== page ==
Gen. Pope's cavalry, sent to Lexington, Mo., captured two rebel captains, one lieutenant, and four men, with horses, &c. They destroyed the foundry and ferry boats at Lexington.--General Halleck's Despatch.
A card from J. J. Mc Keever, President of an organization known as the “Southwest Co.,” appeared in the Memphis Appeal, announing that the third special messenger would leave Memphis on the 1st of January, “taking mail matter for all parts of the world.”
The U. S. War Department issued orders stopping the enlistment of cavalry soldiers. The Government had all the cavalry that were necessary.
A bill To increase the duties on tea, coffee, sugar, and molasses passed the U. S. Congress. The duties were raised on tea to twenty cents per pound, on coffee to five cents, on sugars to two and a half, three, five, and eight cents, and on molasses to six cents. It was estimated that the increase would add to the revenue six millions of dollars a year.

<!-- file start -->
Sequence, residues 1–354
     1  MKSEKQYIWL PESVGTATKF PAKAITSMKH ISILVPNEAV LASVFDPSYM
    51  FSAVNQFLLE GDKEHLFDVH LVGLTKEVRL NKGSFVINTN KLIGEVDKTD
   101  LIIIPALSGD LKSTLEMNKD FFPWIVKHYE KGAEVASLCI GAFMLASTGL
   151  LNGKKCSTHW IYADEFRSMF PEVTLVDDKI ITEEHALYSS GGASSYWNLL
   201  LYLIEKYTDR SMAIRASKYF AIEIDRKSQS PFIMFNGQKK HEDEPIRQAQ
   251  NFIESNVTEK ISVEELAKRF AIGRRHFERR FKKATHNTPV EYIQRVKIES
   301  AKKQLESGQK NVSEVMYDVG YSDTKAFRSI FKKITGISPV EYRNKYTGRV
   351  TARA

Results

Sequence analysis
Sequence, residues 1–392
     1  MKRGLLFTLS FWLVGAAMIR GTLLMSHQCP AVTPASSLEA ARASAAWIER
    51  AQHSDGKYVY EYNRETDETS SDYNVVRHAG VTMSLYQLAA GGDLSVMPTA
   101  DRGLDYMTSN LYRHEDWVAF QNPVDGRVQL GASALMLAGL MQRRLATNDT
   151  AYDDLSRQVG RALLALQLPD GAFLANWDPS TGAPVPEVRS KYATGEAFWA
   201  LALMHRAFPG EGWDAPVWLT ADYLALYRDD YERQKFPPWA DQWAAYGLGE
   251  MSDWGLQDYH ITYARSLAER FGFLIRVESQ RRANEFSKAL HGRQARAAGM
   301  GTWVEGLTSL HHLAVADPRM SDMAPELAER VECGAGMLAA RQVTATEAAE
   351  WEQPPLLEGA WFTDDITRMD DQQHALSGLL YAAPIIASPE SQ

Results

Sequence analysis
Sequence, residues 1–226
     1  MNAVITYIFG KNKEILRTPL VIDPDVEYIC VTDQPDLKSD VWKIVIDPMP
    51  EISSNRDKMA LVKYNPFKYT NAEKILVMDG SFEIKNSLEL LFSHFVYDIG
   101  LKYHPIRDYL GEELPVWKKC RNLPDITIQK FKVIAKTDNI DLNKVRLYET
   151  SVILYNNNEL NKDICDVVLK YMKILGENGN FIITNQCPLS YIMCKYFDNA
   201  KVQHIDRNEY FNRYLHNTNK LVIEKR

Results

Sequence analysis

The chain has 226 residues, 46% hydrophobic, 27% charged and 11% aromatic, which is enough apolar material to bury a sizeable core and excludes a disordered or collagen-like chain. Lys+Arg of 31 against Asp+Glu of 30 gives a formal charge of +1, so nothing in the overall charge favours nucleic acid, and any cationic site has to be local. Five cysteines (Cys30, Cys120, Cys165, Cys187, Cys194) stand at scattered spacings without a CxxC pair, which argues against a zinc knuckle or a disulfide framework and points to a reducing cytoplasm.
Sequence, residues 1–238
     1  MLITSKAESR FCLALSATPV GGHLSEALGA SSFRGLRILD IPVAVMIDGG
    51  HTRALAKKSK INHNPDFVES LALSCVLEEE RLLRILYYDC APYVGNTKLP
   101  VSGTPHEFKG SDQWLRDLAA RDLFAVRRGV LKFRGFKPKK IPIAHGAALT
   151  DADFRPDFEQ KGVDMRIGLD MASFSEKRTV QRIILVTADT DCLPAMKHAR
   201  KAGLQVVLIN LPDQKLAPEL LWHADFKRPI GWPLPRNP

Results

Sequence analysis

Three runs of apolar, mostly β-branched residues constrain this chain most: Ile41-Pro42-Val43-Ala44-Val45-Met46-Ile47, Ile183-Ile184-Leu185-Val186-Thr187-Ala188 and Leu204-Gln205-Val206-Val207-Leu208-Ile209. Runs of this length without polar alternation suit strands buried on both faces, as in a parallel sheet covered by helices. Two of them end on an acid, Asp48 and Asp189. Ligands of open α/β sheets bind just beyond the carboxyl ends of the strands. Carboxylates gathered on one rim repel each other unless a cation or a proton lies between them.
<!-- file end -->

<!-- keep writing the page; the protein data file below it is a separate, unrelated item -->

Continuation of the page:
Bluffton, S. C., was occupied by the Union forces under General Stevens. The town was found deserted.--N. Y. Herald, Dec. 30.
The Thirty-fifth regiment of Indiana volunteers, under the command of Colonel John C. Walker, left Jeffersonville, for active service in Kentucky.--Indianapolis Journal, Dec. 26.